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The Distant Ocean
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Mark Crispin Miller
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Bright Terrible Spirit
That is the question being asked by Palestinians in the wake of a week
of damaging revelations that Palestinian negotiators secretly made major
concessions to Israel in talks on Jerusalem, refugees and borders.
The PA – the Palestinians' government-in-the-making, led by Mahmoud Abbas – was already in crisis before the disclosure of official Palestinian documents by Al-Jazeera television last week.Now, said George Giacaman, the head of the Ramallah-based research centre Muwatin, which advocates greater Palestinian democracy, the PA's "back is to the wall".
"It is now much clearer to Palestinians that they are living in a
prison and that the PA leaders are there only to negotiate the terms of
our imprisonment," he said.
He, like many other Palestinian analysts, declared the negotiations for a two-state solution over.
That sentiment appears to be shared by a majority of Palestinians. A survey in December, before the leak of 1,600 official documents, by the Palestinian Centre for Policy and Survey Research showed that 71 per cent of Palestinians believed they would not have a state within five years. The percentage is likely to have risen sharply.
In a sign of the mounting panic in Ramallah, Palestinian leaders frantically launched a rearguard action last week. Initially, they claimed the documents were fabricated, and suggested that Al-Jazeera was siding with Mr Abbas's political rivals, the Islamic party Hamas, to bring down the PA.
But several officials have confirmed the papers' authenticity, and the PA has redirected its main attention to discovering who was behind the leak.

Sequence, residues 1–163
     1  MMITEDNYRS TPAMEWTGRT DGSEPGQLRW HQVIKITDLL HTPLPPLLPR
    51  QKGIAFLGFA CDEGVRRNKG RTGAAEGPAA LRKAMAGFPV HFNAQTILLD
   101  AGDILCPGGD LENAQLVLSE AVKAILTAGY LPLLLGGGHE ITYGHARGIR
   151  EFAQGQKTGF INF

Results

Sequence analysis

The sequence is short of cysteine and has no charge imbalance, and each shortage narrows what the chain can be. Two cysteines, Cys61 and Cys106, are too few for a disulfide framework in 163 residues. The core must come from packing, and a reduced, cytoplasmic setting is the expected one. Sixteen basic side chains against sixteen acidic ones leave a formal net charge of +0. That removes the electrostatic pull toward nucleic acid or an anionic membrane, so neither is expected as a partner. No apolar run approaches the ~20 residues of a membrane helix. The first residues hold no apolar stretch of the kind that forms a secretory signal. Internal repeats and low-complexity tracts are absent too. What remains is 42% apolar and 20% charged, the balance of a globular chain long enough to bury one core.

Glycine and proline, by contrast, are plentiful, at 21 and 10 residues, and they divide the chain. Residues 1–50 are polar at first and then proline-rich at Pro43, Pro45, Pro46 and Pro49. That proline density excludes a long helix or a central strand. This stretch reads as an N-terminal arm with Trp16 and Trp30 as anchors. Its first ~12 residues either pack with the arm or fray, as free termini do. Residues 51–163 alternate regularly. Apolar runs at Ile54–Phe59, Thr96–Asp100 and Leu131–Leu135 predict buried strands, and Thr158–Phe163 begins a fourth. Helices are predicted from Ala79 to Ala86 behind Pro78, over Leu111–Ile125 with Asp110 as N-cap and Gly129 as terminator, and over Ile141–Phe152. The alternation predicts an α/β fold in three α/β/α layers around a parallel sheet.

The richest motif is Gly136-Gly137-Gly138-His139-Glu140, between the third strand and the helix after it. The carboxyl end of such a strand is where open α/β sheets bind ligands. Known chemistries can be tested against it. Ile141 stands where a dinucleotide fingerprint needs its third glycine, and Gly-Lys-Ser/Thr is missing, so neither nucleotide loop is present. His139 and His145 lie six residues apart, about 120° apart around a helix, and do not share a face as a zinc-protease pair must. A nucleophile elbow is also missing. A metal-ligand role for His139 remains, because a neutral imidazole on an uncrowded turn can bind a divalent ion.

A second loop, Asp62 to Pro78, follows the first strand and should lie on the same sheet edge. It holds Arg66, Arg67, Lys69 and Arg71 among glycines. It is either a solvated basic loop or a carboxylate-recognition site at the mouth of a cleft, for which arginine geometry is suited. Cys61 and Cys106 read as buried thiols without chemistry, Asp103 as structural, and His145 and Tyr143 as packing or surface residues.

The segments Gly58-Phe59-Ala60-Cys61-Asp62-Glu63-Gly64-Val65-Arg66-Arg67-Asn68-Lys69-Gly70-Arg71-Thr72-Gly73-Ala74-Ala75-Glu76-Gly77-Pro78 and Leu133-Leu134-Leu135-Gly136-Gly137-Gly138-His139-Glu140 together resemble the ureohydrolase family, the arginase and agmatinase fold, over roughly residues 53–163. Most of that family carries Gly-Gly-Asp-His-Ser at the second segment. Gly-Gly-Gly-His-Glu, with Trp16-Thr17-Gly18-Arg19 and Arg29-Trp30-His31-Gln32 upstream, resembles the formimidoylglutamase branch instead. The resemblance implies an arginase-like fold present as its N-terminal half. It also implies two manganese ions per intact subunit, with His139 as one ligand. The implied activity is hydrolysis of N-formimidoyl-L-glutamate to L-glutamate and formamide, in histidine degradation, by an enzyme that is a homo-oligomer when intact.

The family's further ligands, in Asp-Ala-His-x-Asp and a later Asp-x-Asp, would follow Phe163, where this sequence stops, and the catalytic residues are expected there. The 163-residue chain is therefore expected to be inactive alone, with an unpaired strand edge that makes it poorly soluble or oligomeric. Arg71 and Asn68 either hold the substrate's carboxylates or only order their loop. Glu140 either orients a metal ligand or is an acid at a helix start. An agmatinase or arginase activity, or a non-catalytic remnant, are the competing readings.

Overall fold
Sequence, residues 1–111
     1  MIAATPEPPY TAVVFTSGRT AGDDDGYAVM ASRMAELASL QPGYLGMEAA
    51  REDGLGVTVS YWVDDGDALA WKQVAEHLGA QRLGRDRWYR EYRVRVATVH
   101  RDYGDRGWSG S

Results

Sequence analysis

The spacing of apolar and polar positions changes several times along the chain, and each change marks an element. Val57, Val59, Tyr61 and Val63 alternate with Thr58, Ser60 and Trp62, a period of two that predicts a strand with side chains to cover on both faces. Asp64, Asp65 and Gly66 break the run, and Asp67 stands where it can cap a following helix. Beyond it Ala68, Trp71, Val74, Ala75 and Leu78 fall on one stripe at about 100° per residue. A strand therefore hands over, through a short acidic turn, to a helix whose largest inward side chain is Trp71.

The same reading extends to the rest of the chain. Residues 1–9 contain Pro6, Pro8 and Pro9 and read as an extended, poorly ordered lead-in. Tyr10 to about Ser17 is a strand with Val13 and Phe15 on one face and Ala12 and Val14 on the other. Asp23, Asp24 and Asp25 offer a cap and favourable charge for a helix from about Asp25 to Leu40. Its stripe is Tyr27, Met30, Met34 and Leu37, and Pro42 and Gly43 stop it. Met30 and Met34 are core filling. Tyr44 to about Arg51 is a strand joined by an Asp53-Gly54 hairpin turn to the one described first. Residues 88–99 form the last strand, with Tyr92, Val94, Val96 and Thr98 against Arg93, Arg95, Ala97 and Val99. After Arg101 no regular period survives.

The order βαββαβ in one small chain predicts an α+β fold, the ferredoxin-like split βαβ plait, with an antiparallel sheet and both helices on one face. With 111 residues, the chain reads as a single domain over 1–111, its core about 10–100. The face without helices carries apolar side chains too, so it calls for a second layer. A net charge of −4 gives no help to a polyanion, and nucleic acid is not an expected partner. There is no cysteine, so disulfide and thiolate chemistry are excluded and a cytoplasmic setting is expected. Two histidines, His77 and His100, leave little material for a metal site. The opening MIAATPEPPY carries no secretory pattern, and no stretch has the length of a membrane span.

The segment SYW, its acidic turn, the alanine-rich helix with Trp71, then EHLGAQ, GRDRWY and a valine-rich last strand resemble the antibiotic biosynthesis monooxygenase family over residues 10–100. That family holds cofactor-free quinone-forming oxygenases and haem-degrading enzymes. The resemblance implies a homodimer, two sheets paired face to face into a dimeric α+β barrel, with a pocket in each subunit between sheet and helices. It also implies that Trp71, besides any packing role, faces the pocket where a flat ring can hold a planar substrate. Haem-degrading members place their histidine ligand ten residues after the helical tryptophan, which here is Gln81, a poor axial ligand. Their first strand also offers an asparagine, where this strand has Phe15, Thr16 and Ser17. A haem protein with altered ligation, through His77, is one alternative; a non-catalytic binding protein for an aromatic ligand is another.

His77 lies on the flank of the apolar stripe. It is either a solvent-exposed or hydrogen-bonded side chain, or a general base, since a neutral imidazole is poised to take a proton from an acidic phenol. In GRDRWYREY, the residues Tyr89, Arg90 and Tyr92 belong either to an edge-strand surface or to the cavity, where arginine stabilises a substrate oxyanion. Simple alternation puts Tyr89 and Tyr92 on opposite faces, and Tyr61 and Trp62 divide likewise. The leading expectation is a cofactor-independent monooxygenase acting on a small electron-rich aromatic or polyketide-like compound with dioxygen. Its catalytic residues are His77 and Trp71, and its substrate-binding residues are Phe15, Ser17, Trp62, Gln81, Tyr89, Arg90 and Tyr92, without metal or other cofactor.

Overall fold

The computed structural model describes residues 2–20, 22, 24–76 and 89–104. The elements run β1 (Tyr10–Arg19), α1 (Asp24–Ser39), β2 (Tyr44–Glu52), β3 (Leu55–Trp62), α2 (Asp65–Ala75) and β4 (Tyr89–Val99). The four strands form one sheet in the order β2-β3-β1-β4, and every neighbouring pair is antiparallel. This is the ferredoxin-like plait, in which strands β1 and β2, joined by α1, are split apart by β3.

Mr Abdul Hadi said Palestinians would increasingly draw the conclusion that their intended future was living in "one binational state under an apartheid regime" administered by Israel.
"At the moment Abbas has his followers out on the streets but the Palestinian people are awakening to the reality of their situation," he said.
Samir Awad, a politics professor at Birzeit University, near Ramallah, agreed that Israel was imposing a de facto one-state solution. "The fight for national independence is over and, if it is to survive, the PA must quickly reinvent its role. Palestinians are now in for the long haul: a struggle for their civil and political rights in a single state," he said.
Asad Ghanem, a politics professor at Haifa University in Israel and an
expert on Palestinian politics, warned, however, that, as the PA
faltered, Israel and the US would intensify their efforts to strengthen
the authority's security forces and its repressive role.
With politics stifled inside the occupied territories, said Mr Ghanem, it was crucial that outside Palestinian leaders step in to redefine the Palestinian national movement, including Palestinians such as himself who live inside Israel and groups in the diaspora.